COLUMBIA, Mo 6/16/18 (Op Ed)
-- I've long thought the Columbia Daily Tribune's owners -- as distinct from its reporters -- were in the tank for the Columbia city manager
and his minions.
The print paper's recent spate
attacking proponents of a City Hall audit -- something city manager Mike Matthes
almost certainly dreads -- is only the most recent example of tank-dwelling.
City managers Ray Beck, Bill Watkins
, and Matthes
have had the Trib's unquestioning support. The print paper parrots their budget projections, praises their initiatives, badmouths their critics, attempts to silence their dissenters. It tries to shit can Council candidates who question or criticize city management, reveling in their missteps and poo-pooing their campaigns.
For years, I couldn't understand how an organization supposedly dedicated to "comforting the afflicted and afflicting the comfortable"
could throw so much support behind this city's unelected autocrat.
Now, I'm starting to get it. Appearances and a lack of disclosures suggest it's all about the money.
City Hall spends about ten thousand five hundred ($10,500) dollars a month
with our local, privately-owned dead tree (print) paper, for a total in the past five years of $635,644.
The city spends a fraction as much with our other dead tree, the Columbia Missourian: $43,363 over 5 years, or $723/month. And nothing with the Columbia Heart Beat (which is how it will stay.)
The Heart Beat earlier reported how the Trib also makes coin
on privately-funded tax and rate hike campaigns, strategizing with the city manager to convince voters that higher taxes or utilility bills are the only way out of city government's latest, often-invented dilemma.
And this is just what I discovered without a formal Sunshine Law request.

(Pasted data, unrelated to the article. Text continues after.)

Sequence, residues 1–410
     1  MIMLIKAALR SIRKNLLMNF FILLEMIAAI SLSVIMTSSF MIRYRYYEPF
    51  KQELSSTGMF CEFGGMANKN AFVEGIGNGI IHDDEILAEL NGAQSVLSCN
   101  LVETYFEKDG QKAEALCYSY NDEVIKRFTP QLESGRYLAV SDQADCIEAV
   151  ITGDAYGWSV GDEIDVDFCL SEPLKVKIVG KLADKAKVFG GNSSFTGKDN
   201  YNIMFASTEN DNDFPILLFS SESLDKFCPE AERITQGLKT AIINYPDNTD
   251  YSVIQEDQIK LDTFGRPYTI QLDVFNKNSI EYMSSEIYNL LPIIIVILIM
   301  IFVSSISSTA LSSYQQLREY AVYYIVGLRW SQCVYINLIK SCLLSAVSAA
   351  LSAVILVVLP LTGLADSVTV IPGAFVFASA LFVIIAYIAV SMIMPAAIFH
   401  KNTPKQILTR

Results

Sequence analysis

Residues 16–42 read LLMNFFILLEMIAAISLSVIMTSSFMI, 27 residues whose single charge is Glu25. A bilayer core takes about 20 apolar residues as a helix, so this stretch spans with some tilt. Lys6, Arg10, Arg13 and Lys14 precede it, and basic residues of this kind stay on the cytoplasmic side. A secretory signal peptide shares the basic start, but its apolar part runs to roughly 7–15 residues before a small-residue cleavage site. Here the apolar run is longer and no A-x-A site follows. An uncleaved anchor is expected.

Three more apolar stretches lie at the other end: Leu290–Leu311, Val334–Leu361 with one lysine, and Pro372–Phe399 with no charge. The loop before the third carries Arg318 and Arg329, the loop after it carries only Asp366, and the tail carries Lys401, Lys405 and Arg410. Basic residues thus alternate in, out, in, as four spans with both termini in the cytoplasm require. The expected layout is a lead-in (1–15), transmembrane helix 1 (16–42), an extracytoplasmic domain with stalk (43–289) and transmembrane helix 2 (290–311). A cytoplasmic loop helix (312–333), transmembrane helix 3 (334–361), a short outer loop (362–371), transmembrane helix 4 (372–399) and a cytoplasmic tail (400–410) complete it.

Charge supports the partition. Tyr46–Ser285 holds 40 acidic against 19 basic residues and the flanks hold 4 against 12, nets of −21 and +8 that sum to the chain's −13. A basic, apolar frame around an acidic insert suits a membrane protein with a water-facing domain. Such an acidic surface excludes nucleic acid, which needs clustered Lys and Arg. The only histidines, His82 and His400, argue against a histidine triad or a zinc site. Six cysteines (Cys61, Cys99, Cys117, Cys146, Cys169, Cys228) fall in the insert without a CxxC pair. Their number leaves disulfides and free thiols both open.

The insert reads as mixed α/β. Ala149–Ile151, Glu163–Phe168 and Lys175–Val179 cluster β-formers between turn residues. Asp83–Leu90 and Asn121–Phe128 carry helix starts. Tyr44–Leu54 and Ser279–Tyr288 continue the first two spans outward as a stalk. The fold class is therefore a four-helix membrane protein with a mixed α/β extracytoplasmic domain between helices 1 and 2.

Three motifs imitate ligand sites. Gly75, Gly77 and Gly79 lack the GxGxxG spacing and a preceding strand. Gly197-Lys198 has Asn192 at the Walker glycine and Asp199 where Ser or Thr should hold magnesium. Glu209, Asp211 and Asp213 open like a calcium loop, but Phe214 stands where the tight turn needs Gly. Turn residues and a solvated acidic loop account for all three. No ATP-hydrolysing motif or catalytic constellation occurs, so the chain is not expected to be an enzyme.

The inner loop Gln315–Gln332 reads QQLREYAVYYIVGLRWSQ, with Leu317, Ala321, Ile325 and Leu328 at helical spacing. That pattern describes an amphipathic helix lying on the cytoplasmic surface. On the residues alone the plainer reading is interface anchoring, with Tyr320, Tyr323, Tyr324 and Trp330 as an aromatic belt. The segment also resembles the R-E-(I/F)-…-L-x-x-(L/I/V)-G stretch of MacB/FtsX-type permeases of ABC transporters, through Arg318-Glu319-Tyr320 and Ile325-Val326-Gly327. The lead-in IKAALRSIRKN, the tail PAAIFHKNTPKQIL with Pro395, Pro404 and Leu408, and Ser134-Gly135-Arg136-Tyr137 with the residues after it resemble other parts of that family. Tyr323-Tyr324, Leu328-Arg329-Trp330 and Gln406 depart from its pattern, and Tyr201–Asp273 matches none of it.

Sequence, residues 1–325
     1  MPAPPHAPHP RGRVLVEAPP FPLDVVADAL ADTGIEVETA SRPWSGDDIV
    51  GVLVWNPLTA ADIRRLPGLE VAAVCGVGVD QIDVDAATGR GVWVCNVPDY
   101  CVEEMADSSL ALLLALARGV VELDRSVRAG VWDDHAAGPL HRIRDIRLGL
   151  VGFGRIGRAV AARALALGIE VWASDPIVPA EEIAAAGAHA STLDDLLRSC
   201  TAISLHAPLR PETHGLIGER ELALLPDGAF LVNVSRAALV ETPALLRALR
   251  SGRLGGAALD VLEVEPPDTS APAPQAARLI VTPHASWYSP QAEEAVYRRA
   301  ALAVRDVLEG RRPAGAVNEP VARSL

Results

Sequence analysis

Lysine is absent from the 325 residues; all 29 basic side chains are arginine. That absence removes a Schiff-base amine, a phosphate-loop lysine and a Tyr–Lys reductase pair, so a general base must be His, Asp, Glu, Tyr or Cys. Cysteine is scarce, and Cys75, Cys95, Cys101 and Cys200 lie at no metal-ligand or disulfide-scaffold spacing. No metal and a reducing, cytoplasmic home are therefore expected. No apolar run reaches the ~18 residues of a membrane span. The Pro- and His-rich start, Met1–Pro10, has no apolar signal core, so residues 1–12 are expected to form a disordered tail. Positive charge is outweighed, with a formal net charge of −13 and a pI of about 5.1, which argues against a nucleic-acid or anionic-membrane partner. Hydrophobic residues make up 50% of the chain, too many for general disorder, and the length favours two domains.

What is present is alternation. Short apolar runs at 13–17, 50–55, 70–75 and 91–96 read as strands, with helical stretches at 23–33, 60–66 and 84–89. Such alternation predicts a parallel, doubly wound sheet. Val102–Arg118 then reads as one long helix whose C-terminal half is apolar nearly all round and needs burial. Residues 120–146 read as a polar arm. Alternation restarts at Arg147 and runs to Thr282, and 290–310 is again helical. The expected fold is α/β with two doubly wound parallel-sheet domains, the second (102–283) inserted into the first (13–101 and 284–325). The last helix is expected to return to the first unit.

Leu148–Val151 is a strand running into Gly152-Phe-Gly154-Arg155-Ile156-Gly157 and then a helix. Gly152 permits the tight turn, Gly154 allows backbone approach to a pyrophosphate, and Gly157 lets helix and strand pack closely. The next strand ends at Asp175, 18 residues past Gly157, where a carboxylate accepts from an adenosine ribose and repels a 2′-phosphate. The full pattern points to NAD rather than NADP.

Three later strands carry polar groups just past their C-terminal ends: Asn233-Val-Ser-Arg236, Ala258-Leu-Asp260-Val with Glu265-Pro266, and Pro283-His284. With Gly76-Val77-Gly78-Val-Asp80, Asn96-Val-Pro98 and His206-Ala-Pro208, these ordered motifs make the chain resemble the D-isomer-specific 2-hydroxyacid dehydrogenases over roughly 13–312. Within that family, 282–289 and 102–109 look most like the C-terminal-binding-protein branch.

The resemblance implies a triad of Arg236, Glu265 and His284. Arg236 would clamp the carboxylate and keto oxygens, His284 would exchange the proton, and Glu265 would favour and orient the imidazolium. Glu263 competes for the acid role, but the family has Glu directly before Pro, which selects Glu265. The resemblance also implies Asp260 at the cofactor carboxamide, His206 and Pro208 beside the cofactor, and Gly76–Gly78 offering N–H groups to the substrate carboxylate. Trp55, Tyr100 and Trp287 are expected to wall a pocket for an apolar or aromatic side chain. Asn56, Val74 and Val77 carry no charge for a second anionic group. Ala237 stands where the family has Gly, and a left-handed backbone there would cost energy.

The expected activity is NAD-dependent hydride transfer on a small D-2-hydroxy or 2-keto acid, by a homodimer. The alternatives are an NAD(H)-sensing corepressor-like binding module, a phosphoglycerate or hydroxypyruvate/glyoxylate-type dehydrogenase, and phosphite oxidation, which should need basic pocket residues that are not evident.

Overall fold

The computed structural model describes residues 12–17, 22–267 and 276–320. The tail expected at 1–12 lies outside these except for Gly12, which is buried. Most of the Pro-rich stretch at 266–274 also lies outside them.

"The City of Columbia purchases space in the Tribune to publish notices, some as required by law, for a number of departments
," city community relations director Steve Sapp
told the Heart Beat. "Human Resources advertises employment opportunities; City Clerk’s Office must post various meetings and public hearings; Community Development must publish various zoning related materials related to meetings; and there are occasionally other marketing pieces published in the Tribune."
"The Columbia Parks and Recreation Department has contracted with Tribune Publishing to produce the quarterly Leisure Times publication," Sapp added.
Sounds like a simple list of routine ads. So why the high cost?
Or aren't the Trib's publishers as community minded as they urge
the rest of us to be: you know, with all the badgering about this or that non-profit opportunity? Serve without pay on a city commission; donate to the United Way; volunteer at the Food Bank; or if you're an artist, paint storm drains
or First Ward utility boxes for free.
"Hank the Butterfly"
It also chafes me that the print paper never says anything about its City Hall business, while making the rest of us assume the position.
A decade ago, Waters was famously exposed as "Hank the Butterfly,"
working behind the scenes to convince city officials that eminent domain should take the old Bengals Bar and Grill
property from the Rader family for a new state historical society museum.
At the same time, Waters was writing Trib editorials pushing the idea.
When Missourian columnist George Kennedy
accused the Trib publisher of a textbook conflict of interest over the scandal, Waters' well-known smugness emerged.
"I like to think of it as a confluence of interests,"
he told Kennedy.
Given the Columbia Missourian's role in educating future journalists, the least our civic-minded, equity-driven city manager could do is throw that paper a little more scratch. Compared to the Trib moreover, the Missourian isn't nearly as in the tank for city government.
I like that, though can't help but wonder why. Here's the spend for the past five years, per Mr. Sapp, on ads alone:
City Hall spending with the Columbia Daily Tribune
2013 - $97,851.09
2014 - $115,750.28
2015 - $146,750.10
2016 - $121,901.80
2017 - $153,389.65
City Hall spending with the Columbia Missourian
2013 - $6,825.15
2014 - $7,181.75
2015 - $7,075.28
2016 - $9,547.65
2017 - $12,733.40
-- Mike Martin